This April 2014 Butterfly Conservation is offering half price membership (with the code GARDEN50 and paying by direct debit), plus the first 100 people to sign up will receive a free pack of seeds, either Phlox, Pot Marigold or Cornflower, these are not only lovely flowers but are known to attract a variety of Butterflies and Moths, like the Humming-bird Hawk-moth and Peacock, included in each new membership welcome pack is their new gardening book, which contains details of how to encourage Butterflies and Moths into the garden as well as general gardening information, this book is exclusive to members and not for sale anywhere.

Gardening for Butterflies and Moths

Wouldn’t it be wonderful to see more Butterflies in your garden, this Easter keep a look out for Butterflies or why not become a member of Butterfly Conservation and help our beautiful Butterflies and Moths?

Happy Easter

Gill

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Red Admiral Butterfly

What a lovely summer we have had, everything has really benefited from those long, warm, sunny days – fruit, vegetables, flowers, birds, animals, insects and of course ourselves.

During the school holidays Thomas has spent a lot of his time catching and identifying butterflies, moths and insects with the sweep net that I bought from our local hardware store, it is very similar to a fishing net but the net is about 3 times deeper and is pointed at the end. We have taken it with us on walks, visiting friends and family, on holiday, to the coast, in the fields, woods, meadows and up hills and it’s been brilliant and really interesting learning which species live where and which are the most/least common. The insect world is vast there are thousands and thousands of species out there just waiting to be explored so why not get out on a warm, dry day and see if you can catch some, if you haven’t got a sweep net have a go with a fishing net I am sure you will catch something.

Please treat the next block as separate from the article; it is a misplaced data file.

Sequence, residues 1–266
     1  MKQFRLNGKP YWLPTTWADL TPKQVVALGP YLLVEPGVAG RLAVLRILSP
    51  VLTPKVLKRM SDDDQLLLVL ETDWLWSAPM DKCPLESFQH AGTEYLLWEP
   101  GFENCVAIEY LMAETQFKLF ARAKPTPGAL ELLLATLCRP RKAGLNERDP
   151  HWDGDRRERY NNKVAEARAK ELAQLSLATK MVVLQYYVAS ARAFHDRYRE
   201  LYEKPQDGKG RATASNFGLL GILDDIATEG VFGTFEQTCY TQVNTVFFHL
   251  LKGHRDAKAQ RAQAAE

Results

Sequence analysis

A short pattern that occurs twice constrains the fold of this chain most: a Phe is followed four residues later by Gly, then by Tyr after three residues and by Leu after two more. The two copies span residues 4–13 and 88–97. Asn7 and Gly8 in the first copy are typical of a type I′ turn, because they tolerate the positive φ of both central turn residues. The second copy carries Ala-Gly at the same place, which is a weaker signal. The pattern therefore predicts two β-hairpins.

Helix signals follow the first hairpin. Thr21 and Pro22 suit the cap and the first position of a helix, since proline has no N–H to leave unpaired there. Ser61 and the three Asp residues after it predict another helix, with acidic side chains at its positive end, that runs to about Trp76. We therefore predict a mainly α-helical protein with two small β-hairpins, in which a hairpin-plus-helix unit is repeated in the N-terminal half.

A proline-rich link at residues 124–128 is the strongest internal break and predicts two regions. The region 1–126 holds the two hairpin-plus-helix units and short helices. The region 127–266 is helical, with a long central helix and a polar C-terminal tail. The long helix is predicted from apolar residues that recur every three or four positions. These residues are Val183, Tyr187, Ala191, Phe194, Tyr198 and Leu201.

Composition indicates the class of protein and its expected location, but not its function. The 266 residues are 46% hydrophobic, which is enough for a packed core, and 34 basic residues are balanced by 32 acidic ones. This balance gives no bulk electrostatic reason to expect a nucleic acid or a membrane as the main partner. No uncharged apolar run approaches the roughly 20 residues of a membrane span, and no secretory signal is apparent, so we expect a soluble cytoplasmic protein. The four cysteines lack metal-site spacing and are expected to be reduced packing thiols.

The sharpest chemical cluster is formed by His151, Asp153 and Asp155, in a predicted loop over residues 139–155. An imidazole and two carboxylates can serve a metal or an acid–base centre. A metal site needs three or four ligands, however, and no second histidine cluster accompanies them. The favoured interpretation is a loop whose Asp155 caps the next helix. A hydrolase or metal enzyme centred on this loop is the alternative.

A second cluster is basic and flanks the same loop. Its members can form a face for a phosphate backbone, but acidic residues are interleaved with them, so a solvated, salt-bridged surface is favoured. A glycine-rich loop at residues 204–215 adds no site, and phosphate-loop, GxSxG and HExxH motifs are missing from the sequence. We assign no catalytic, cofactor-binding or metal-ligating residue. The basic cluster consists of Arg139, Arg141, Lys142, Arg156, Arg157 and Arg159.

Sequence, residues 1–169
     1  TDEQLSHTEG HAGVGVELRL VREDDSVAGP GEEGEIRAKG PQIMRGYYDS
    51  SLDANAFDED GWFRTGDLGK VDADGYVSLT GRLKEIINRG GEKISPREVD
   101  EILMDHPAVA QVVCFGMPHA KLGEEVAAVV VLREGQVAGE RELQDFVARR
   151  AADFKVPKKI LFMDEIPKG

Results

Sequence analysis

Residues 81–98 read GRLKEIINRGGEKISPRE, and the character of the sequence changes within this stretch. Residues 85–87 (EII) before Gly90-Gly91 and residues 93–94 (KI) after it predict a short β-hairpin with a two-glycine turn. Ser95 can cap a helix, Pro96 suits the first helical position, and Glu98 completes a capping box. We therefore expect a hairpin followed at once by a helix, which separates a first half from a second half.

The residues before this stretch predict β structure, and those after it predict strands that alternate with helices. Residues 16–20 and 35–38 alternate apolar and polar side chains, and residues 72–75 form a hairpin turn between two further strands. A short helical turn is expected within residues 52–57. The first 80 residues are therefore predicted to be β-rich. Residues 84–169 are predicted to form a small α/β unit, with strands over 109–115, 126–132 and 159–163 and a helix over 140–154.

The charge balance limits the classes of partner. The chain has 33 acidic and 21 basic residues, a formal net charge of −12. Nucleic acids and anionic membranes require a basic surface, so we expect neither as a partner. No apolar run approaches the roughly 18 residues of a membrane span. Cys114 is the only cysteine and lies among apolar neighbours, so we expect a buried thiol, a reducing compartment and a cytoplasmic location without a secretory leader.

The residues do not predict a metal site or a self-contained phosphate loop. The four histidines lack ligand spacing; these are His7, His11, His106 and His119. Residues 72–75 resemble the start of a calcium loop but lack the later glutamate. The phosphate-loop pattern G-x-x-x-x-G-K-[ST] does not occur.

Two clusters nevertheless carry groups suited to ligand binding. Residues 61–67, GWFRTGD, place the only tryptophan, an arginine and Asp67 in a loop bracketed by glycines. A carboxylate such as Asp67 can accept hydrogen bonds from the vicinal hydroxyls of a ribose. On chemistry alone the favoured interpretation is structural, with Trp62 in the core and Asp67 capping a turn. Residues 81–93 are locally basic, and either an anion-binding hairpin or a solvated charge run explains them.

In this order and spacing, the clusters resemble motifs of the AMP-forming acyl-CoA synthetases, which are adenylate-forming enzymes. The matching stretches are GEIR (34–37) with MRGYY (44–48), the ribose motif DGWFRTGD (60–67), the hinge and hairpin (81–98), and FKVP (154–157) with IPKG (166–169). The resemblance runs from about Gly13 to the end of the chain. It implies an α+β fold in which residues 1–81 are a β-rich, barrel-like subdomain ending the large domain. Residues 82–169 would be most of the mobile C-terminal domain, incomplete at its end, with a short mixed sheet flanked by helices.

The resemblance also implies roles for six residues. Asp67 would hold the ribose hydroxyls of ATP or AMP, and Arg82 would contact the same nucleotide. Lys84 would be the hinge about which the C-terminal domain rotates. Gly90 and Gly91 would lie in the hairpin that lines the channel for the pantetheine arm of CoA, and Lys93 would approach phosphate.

Butterfly/Bee Nectar Feeding Station

Butterfly/Bee Nectar Feeding Station

As the weather has begun to get cooler and nectar rich flowers are becoming less available now is a good time to provide some extra food and a safe and dry place for our wonderful insects to roost and hibernate, we have put up a Butterfly/Bee Nectar Feeding Station next to our Buddleia Bush, whose flowers have nearly all gone to seed, and I think I might put up a Butterfly & Moth Feeder nearby too, as well as being a feeding station the insects can also roost and hibernate inside on the cassette which can be lifted out so that you can observe your guests as they rest .

Butterfly and Moth Feeder

Butterfly and Moth Feeder

If you want to catch and identify insects and bugs why not have a look at the Catcha Bug Catcher this clever little device allows you to catch them and easily observe them through the clear sides then release them without harm, it’s very handy for re-locating those large house spiders in the Autumn!

Catcha Bug - Spider & Insect Catcher

Catcha Bug Catcher

If you are interested in attracting butterflies and moths into your garden click here for lots more information.

Why not have a go at catching moths in your garden or school garden click here for full details.

Have fun, love your environment

Gill